Marko Denic

Marko Denic

From zero to Web developer

From zero to Web developer

From zero to web developer - in 14 actionable steps.

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But, before we start, what is web development?

Web development is the work involved in developing a website or a web application. It can be quite simple, like a web presentation or portfolio. Or, really complex like a social media platform like Twitter or Facebook. Either way, this is one of the most exciting industries at the moment.


Before I start with this short, actionable article, I want to make a disclaimer. There are multiple paths you can take while learning web development. This is only one of them. The one I would take if I had to do it all over again.

Who is this article for?

These steps are going from the very beginning, so it's suited for beginners in web development.

Let's start!

1. Choose a text-editor.

There are many available text editors: Visual Studio Code, Sublime Text, Web Storm, PHP Storm, and many others. I would suggest Visual Studio Code. It is an open-source project, has a ton of extensions and a huge community. You can get it here:

2. Learn HTML.

The HyperText Markup Language, or HTML is the standard markup language for documents designed to be displayed in a web browser. (Source: Wikipedia )

In simple words; it is a skeleton of a web page. Think of it as walls in a house. There are plenty of available learning resources. FreeCodeCamp is definitely one of the best. If you're not registered here yet, you can do it here:

3. Learn CSS.

Cascading Style Sheets (CSS) is a style sheet language used for describing the presentation of a document written in a markup language such as HTML. (Source: Wikipedia )

CSS is basically the style of a website. This is how we define all the colors, layout, fonts... Don't rush with it, it may seem it's easy when you start with it, but it's not. Once again, I'd suggest FreeCodeCamp:

4. Become better at CSS.

Still not feeling comfortable with CSS? you can take this free course on CSS by Google Developers. Link:

5. Learn JavaScript

JavaScript is a programming language that allows you to implement complex things on web pages. Every time a web page does more than just sit there and display static information for you to look at—displaying timely content updates, interactive maps, animated 2D/3D graphics, scrolling video jukeboxes, or more—you can bet that JavaScript is probably involved. (Source: MDN )

You can learn it at Codecademy:

6. Build projects.

Improve your coding skills by building real projects. If you can't come up with ideas, try Frontend Mentor platform. There you can choose a challenge from a collection of web designs. You get starter files and code the design. It is perfect for beginners in web development.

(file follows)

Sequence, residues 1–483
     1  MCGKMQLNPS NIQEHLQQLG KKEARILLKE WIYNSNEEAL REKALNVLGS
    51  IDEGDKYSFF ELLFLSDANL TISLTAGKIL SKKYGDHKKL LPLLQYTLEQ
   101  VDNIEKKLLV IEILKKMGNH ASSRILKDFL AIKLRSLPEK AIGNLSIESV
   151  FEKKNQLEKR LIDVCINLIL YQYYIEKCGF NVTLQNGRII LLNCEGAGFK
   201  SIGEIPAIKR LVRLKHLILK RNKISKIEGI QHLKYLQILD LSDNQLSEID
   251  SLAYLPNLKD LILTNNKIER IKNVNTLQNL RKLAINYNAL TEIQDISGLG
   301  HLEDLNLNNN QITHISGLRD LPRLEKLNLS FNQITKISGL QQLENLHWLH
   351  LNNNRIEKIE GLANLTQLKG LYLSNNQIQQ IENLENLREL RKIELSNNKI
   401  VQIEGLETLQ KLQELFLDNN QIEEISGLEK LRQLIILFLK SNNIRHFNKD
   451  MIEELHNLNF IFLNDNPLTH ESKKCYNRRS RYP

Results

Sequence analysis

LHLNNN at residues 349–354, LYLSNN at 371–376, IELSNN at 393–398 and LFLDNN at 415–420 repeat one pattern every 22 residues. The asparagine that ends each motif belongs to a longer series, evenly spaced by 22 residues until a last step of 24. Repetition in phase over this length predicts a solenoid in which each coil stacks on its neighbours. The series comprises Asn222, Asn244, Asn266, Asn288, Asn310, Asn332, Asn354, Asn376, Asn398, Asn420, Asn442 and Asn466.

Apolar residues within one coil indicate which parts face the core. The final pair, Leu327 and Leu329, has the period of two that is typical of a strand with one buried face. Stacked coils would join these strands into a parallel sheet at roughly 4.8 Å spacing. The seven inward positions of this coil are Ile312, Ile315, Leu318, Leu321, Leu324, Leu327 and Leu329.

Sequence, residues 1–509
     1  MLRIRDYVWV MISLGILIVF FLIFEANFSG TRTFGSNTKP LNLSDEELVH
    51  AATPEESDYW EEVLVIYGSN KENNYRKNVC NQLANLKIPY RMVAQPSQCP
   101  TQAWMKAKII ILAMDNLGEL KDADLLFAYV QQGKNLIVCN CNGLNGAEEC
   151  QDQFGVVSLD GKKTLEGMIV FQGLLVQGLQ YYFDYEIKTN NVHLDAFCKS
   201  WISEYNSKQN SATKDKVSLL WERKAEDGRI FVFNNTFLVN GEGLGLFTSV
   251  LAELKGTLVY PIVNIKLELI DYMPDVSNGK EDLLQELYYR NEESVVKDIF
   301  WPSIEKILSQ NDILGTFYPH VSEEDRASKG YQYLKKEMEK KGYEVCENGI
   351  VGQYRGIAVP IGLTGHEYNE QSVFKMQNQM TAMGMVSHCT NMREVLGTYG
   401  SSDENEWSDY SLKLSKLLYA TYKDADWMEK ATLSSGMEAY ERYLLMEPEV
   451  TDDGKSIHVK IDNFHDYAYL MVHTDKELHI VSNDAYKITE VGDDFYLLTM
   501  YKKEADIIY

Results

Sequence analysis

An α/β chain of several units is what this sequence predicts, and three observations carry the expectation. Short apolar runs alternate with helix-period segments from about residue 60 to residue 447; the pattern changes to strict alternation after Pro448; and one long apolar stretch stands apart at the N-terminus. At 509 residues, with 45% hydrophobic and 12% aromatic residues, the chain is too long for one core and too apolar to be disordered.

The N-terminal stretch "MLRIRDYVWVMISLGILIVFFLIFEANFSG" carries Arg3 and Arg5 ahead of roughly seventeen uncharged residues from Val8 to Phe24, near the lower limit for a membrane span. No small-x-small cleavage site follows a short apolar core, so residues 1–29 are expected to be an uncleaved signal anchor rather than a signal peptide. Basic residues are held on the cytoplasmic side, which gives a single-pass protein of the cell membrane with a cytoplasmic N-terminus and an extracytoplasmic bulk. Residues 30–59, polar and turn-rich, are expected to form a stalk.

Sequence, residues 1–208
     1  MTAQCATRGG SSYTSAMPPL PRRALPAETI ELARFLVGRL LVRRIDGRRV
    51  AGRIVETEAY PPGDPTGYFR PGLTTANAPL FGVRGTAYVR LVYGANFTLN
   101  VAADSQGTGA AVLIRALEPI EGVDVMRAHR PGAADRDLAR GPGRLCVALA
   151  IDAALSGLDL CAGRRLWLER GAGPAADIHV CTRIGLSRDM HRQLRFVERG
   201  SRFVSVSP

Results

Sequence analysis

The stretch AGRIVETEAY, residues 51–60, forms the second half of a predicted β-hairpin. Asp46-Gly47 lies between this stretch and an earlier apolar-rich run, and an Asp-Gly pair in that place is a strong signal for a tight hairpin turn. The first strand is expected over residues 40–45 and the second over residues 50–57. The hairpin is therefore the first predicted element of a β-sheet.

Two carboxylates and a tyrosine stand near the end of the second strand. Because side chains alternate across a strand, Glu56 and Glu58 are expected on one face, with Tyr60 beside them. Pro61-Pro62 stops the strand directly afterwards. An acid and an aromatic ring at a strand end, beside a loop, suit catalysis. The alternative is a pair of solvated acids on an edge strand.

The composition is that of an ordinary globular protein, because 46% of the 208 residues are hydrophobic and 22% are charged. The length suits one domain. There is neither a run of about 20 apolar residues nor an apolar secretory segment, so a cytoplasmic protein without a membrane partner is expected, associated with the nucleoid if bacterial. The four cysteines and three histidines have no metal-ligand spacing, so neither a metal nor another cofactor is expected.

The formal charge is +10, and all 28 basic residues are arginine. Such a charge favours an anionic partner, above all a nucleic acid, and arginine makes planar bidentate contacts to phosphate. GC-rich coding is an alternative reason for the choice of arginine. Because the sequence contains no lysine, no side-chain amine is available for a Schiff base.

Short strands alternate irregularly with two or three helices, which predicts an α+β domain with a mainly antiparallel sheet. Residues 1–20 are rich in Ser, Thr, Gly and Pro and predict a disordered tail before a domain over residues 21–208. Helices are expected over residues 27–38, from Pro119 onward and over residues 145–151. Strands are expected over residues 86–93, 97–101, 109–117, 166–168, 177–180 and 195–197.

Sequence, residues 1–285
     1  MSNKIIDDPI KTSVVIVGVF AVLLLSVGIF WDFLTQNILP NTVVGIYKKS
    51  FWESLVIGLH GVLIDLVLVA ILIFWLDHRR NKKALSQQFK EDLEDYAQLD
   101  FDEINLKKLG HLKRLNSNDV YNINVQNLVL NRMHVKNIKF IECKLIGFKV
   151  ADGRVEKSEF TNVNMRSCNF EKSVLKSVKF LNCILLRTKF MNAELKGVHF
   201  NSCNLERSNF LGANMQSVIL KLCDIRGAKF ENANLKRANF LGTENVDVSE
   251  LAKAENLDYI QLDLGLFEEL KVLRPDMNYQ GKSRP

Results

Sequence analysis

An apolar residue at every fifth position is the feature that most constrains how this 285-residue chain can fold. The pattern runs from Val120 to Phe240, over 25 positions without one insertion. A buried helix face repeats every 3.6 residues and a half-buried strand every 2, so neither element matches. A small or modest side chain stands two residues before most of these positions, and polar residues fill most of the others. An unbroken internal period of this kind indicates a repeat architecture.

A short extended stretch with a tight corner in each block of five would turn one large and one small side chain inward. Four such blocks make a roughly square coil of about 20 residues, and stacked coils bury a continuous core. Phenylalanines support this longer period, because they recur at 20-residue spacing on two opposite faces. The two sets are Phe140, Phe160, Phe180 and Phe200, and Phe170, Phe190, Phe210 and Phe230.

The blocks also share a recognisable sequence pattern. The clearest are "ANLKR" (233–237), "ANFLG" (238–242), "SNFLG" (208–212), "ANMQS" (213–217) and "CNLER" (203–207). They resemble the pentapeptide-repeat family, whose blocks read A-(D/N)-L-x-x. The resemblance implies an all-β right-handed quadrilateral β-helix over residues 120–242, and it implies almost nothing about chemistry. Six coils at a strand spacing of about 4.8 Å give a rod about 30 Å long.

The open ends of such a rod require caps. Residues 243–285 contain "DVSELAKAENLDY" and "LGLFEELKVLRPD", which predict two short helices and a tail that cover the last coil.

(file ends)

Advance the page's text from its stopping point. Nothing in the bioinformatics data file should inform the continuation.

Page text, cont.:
7. Learn to use the command line.

There are several reasons why you should learn how to use the command line. Here are a few... You will need it to install packages needed for coding. To run the commands like starting the development server... You can use this course by Open Classrooms:

8. Learn how to use Git and GitHub.

Git is a free and open-source distributed version control system designed to handle everything from small to very large projects with speed and efficiency. (Source:

GitHub, Inc. is a provider of Internet hosting for software development and version control using Git. It offers the distributed version control and source code management (SCM) functionality of Git, plus its own features. It provides access control and several collaboration features such as bug tracking, feature requests, task management, continuous integration, and wikis for every project. Headquartered in California, it has been a subsidiary of Microsoft since 2018. (Source: Wikipedia ).

This is a nice intro to Git and GitHub for beginners, by Hubspot:

9. Choose a JavaScript framework.

JavaScript frameworks are an essential part of modern front-end web development, providing developers with tried and tested tools for building scalable, interactive web applications. Many modern companies use frameworks as a standard part of their tooling, so many front-end development jobs now require framework experience. (Source: MDN ).

React and Vue are the most popular frameworks at the moment, so I'd suggest you start with one of those. You can learn another framework later. Brad Traversy has crash courses for both.

Here is the link to his YouTube channel:

10. Build more projects.

Try to build something from scratch this time. Find ideas here:

11. Deploy projects.

Are you happy with the things you built? Deploy them. Services like Netlify ( and Vercel ( are easy to use.

12. Make a CV.

There are plenty of free CV builders available. I'd recommend this one. It's a free and open-source project:

13. Prepare for a coding interview.

You can use Leetcode for this purpose. Here you can find a few more coding challenge platforms you can use to prepare for a technical interview:

14. Apply for jobs.

Again there are a lot of resources available. Randall Kanna created a repo with an awesome tech job hunting list. Here is the link:

Thanks for reading! Did I miss anything? Did you found an error? Have a question? Send me a direct message on Twitter, and we'll figure it out.

I have a helpful blog full of real-world web development tips and resources. Check it out if you're interested.

Happy coding! ❤️

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